Go, and do what?  Jesus said: “Make disciples.” Making disciples in the world is the mission of the church.  As followers of Jesus Christ, we must make disciples.  Jesus did not call his disciples to make church members.  Any person can become a church member.  Becoming a church member is the easiest thing in the world.

Jesus commanded his disciples to make more disciples.  That is what Jesus wants: more disciples.  A disciple is a student, one who learns from Jesus.  However, people today do not want to become disciples. Being a disciple of Jesus is hard.  Discipleship demands time, it requires sacrifice.  Jesus said: “If anyone comes to me and does not hate his father and mother, his wife and children, his brothers and sisters–yes, even his own life–he cannot be my disciple.  And anyone who does not carry his cross and follow me cannot be my disciple” (Luke 14:26-27).

To hate does not mean to be angry with someone or to have ill feelings toward another person.  It means to make a choice – it is loving or not loving.  To be a disciple of Jesus means to love Jesus more than one loves family, to love him more than one loves oneself.

To be a disciple of Jesus is to take his cross.  Many people today do not want to take the cross of Christ.  This is what Dietrich Bonhoeffer, in his book The Cost of Discipleship (New York: The Macmillan Company, 1959), p. 36, called “cheap grace.”  “Cheap grace is grace without discipleship, grace without the cross, grace without Jesus Christ, living and incarnate.”  When one takes the cross of Christ, one is called to suffer with him, one is called to make sacrifices for him, one is called to die with Jesus on that cross. As Bonhoeffer wrote: “When Christ calls a man, he bids him come and die” (p. 79).  To die on the cross is to die for others.  Jesus demonstrated this truth when he died on the cross to save others.

Believers must be willing to die on that cross if they are to make a difference in the world.  Jesus said: “In the same way, any of you who does not give up everything he cannot be my disciple” (Luke 14:33).  This is the reason some people refuse to be followers of Jesus.  They do not want to give up anything for the sake of Christ.  Some people want the glory but not the crown of shame. They want to enjoy life, not to die on a cross.  They want to get more, not to give up everything.  However, this is precisely what Jesus wants. Jesus wants disciples, faithful disciples, men and women who are willing to follow Jesus, wherever he leads.  Jesus wants disciples who are willing to sanctify themselves for the sake of an unbelieving generation.  Jesus wants men and women who are willing to accept the mission bestowed on them, people who are not willing to fail in carrying out that mission.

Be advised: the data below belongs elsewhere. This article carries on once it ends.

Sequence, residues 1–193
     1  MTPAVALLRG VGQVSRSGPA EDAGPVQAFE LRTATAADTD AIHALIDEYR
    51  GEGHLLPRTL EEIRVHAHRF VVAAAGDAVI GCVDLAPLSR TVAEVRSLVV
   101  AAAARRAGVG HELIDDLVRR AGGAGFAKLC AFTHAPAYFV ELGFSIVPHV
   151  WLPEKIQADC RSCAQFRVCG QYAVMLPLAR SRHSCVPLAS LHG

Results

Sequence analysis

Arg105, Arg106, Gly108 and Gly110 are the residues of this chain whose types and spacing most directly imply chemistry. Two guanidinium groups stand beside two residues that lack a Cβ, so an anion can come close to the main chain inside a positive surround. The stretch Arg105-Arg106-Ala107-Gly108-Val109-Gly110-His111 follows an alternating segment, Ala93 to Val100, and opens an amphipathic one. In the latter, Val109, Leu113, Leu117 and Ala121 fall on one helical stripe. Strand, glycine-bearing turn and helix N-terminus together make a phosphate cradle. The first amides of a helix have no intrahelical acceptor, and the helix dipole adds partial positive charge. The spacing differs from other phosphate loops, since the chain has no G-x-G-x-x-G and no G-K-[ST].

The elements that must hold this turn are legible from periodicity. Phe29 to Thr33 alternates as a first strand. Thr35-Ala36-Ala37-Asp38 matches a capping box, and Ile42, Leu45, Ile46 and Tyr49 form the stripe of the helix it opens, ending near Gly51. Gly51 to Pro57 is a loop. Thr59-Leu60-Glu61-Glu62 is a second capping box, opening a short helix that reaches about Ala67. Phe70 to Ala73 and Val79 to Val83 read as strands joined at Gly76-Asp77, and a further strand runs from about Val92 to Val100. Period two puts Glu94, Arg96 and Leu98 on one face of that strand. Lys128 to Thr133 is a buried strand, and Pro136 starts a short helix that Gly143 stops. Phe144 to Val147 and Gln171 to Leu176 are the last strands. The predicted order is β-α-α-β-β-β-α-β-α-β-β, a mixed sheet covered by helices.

Jesus also commanded his disciples to teach the new disciples to obey everything he commanded them.  If the church is to make a difference in the world, it is because believers are willing to become teachers.  “Teach them to obey.”  The disciples of Jesus are obedient people. They obey the laws of God and the laws of men.  If believers are going to teach people to obey the laws of God and men, they also must obey them. Obedience begins at home.  Jesus told his disciples to teach the new disciples to obey “everything I have commanded.”  Everything. People cannot choose what to obey and what not to obey.  True believers discover God’s will for their lives and follow it.

I believe the church can make an impact on our nation. I believe the church can make an impact on our world.  The truth is with the church: the Word of God is truth.  The power to change the world is with the church. “And you shall receive power when the Holy Spirit comes upon you.” The church has been authorized by Jesus himself: “All authority in heaven and on earth has been given to me.  Therefore go and make disciples of all nations.”

One of my favorite verses in the New Testament is found in Acts 17:6:   When Paul and Silas came to Thessalonica, the people there said: “These people who have been turning the world upside down have come here also.”  Those early believers were turning the world upside down with the gospel of Christ. They were transforming the world with the good news of Jesus. Today, we cannot even shake the communities around our churches with the Gospel, much less turn it upside down. The Lord needs you; your church needs you; our nation needs you.  Let us join hands in our common mission and together, let us transform the world for Christ.

Claude Mariottini
Emeritus Professor of Old Testament
Northern Baptist Seminary